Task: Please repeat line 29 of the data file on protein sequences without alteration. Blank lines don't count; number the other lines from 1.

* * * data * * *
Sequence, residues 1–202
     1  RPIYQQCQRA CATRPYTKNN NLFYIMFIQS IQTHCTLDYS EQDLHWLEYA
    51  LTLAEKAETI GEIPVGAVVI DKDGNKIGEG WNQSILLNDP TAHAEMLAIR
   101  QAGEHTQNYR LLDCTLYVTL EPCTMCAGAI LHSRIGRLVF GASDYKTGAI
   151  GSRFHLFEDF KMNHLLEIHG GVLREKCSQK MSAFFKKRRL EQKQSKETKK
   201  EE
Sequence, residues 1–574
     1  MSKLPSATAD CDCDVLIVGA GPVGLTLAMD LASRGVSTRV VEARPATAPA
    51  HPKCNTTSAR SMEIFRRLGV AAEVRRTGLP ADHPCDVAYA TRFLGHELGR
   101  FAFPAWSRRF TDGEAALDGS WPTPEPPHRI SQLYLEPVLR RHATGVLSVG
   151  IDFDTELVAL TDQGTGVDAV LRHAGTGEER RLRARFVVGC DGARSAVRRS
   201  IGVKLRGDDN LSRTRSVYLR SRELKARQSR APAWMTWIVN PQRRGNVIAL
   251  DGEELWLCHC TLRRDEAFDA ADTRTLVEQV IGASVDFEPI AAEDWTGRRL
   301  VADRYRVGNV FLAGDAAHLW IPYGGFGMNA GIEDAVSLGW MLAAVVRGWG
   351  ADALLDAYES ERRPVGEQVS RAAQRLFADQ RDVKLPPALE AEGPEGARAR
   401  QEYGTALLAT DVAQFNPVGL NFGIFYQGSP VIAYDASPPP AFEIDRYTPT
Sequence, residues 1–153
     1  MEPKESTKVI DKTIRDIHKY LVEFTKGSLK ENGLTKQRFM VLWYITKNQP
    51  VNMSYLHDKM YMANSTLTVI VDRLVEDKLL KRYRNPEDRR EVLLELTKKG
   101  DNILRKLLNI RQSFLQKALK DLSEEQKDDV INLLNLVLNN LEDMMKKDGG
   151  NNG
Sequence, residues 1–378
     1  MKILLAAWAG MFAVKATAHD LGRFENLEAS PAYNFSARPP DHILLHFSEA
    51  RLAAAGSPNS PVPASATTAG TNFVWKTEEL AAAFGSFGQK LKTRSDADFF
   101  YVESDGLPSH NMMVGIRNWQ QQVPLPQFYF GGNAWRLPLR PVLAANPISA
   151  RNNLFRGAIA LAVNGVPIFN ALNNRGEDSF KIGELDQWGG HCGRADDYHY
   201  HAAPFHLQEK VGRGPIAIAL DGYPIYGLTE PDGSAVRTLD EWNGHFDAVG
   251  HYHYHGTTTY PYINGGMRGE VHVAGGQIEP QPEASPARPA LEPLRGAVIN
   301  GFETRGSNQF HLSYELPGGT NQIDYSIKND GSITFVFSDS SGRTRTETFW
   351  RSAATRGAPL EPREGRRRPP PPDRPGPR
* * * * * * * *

   301  GFETRGSNQF HLSYELPGGT NQIDYSIKND GSITFVFSDS SGRTRTETFW